Quote:The satellite’s orbit is inclined 43 degrees to the equator, which means that it passes over latitudes between 43 north and 43 south. That includes all of the Americas between the Great Lakes and southern Argentina, all of southern Europe, Asia from Korea south, all of Africa and Australia and the East Indies. So there are a few tens of millions of square miles of land, and more of water, that a descending piece may choose to hit.

At no time will a precise time or location prediction for reentry be possible.

[Image: tiangong-1-potential-re-entry-area-cp-e1...986864.jpg]

Tiangong-1 potential reentry area. Map showing the area between 42.8 degrees north and 42.8 degrees south latitude (in green), over which Tiangong-1 could reenter. Image via ESA CC BY-SA IGO 3.0.

Tiangong-1 was launched in 2011, and, originally, a controlled reentry was planned. Firing the craft’s engines would have enabled controllers to allow the craft to burn up (mostly) over a large, unpopulated region of the South Pacific ocean. Any surviving pieces would have fallen into the ocean. But, in March 2016, the Tiangong-1 space station ceased functioning. Ground teams lost control of the craft, and it can no longer be commanded to fire its engines. It is, therefore, expected to make an uncontrolled reentry … soon.

The spacecraft’s main body is approximately 34 feet (10.4 meters) long.

ESA has said that Tiangong-1 will “substantially burn up” in Earth’s atmosphere. Will pieces crash to Earth? Possibly. Will they crash in populated areas? It’s not possible to say, but the chances are small that any human being will be harmed, according to a statement from Aerospace, a research organization that advises government and private enterprise on space flight.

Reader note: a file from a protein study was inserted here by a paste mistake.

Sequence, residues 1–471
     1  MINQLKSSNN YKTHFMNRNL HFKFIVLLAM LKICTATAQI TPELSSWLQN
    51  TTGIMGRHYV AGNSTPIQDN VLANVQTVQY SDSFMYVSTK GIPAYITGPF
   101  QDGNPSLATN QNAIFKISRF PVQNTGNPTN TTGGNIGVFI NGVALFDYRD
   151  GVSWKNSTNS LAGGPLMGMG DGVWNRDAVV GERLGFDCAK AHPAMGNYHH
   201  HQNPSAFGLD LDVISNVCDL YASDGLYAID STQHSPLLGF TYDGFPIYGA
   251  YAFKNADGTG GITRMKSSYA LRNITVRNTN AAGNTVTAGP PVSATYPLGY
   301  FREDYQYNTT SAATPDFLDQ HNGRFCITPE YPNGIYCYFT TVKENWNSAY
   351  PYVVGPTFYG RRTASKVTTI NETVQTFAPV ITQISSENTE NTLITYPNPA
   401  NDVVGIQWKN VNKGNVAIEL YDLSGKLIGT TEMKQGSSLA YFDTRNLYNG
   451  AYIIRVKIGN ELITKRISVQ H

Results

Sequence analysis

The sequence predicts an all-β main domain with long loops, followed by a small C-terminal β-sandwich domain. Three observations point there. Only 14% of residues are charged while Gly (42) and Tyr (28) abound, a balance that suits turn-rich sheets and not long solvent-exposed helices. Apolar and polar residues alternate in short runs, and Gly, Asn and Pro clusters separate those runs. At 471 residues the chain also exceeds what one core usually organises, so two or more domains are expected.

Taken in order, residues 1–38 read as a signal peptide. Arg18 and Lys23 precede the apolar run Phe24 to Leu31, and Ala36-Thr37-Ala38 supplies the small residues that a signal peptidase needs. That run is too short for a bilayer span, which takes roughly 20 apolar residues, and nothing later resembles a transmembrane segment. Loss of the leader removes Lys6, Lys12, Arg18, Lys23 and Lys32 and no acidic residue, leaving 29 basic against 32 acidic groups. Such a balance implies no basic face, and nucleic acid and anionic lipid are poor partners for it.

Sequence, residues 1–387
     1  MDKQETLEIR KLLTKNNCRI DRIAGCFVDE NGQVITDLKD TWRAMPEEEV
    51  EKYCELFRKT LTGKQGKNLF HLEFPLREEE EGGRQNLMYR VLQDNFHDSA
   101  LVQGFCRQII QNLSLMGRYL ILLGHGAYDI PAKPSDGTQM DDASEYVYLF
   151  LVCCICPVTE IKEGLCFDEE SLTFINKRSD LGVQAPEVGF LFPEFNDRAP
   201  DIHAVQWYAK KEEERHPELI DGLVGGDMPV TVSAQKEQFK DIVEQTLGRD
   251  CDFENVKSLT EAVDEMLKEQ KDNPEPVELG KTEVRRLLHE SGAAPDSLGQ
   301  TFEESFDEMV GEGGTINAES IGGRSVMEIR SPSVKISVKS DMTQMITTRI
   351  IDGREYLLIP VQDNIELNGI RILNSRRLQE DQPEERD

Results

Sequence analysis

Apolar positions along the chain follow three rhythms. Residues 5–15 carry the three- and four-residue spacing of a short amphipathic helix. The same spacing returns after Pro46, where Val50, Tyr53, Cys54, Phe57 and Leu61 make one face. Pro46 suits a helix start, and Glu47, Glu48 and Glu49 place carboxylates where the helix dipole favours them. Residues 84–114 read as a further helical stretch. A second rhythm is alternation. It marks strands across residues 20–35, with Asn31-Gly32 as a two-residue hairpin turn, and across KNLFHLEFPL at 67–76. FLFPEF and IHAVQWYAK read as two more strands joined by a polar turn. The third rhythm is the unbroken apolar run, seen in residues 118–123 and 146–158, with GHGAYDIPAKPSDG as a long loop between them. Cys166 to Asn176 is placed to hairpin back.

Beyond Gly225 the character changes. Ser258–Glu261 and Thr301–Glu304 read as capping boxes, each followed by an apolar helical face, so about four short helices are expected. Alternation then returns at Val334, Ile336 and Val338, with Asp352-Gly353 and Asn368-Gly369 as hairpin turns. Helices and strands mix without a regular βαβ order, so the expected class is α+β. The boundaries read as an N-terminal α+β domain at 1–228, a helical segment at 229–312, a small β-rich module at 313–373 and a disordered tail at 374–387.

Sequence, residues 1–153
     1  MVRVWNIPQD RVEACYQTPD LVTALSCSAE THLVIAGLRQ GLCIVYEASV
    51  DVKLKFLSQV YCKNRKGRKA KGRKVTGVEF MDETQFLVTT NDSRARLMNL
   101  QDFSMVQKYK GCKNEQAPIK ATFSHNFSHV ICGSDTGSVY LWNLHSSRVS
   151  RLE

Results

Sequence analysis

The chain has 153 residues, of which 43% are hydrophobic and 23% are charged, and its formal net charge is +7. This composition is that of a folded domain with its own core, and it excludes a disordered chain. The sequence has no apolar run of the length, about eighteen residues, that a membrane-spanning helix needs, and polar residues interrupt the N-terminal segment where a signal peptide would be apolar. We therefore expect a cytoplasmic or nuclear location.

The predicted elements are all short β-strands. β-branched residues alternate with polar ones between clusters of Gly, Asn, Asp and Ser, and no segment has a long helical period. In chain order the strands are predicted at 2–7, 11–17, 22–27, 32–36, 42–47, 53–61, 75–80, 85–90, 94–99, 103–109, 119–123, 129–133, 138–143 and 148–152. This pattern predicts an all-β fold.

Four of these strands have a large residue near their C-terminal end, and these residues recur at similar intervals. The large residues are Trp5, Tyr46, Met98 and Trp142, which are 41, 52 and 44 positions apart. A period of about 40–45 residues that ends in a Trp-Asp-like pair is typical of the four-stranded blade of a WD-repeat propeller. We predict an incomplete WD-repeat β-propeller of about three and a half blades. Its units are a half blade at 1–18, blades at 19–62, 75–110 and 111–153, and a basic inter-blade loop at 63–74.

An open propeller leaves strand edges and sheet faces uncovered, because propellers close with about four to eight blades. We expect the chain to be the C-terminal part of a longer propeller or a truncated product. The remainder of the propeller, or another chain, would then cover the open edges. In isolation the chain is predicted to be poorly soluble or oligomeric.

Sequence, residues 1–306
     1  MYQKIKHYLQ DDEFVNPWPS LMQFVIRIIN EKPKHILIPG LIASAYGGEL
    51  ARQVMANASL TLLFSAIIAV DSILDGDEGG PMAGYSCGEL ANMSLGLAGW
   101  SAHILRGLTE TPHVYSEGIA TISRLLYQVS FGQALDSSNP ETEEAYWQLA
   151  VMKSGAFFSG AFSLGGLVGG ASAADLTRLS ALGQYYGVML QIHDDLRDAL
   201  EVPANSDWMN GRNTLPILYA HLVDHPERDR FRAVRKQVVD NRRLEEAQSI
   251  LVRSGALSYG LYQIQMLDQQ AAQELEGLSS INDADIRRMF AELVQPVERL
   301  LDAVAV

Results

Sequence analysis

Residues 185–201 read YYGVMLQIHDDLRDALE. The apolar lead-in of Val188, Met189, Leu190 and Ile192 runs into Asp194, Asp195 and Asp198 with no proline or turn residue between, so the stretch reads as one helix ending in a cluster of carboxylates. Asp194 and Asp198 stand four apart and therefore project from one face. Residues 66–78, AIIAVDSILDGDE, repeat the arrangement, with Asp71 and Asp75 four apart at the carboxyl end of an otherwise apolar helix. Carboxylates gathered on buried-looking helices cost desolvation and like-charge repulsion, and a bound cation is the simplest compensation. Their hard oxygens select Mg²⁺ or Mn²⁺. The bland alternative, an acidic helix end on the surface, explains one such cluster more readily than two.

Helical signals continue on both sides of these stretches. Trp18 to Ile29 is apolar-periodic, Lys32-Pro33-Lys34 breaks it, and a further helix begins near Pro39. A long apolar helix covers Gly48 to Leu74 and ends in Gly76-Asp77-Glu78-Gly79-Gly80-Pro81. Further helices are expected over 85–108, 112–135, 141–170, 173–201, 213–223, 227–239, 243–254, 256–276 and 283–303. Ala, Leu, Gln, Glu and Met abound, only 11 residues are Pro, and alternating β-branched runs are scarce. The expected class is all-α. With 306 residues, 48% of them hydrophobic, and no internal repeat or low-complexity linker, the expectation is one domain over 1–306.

Aerospace said:
Quote:There is a chance that a small amount of Tiangong-1 debris may survive reentry and impact the ground. Should this happen, any surviving debris would fall within a region that is a few hundred kilometers in size and centered along a point on the Earth that the station passes over.

Aerospace also warned that the space station might be carrying a highly toxic and corrosive fuel called hydrazine on board.

Tiangong-1 is not designed to withstand reentry, as some spacecraft are. But it will mostly burn up when it falls, due to the extreme heat and friction generated by its high-speed passage through Earth’s atmosphere.
[Image: tiangong-1-reentry-as-of-March-29-e1522405190196.png]
Tiangong-1’s predicted reentry as of March 29, 2018, via ESA.

Tiangong-1’s major goal was to test and master technologies related to orbital rendezvous and docking. One uncrewed and two crewed missions – executed by the Shenzhou (Divine Craft) spacecraft – took place during its operational lifetime.

ESA explained:
Quote:Following launch in 2011, the Tiangong-1 orbit began steadily decaying due to the faint, yet not-zero, atmospheric drag present even at 300 or 400 km altitude [~200 to 250 miles altitude]. This affects all satellites and spacecraft in low-Earth orbit, like the International Space Station, for example.

Bottom line: China’s first space station will soon undergo an uncontrolled reentry into Earth’s atmosphere. As of early in the day on March 31, Aerospace Corporation was predicting April 1 at 16:15 UTC ± 9 hours. At no time will a precise time or location prediction for reentry be possible.

Live, real-time tracking of Tiangong-1 here

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Deborah Byrd created the EarthSky radio series in 1991 and founded in 1994. Today, she serves as Editor-in-Chief of this website. She has won a galaxy of awards from the broadcasting and science communities, including having an asteroid named 3505 Byrd in her honor. A science communicator and educator since 1976, Byrd believes in science as a force for good in the world and a vital tool for the 21st century. "Being an EarthSky editor is like hosting a big global party for cool nature-lovers," she says.

RE: China's Tiangong-1 space station is about to return to Earth - Zedta - 04-01-2018

Looks like southern South America is in the zone tomorrow.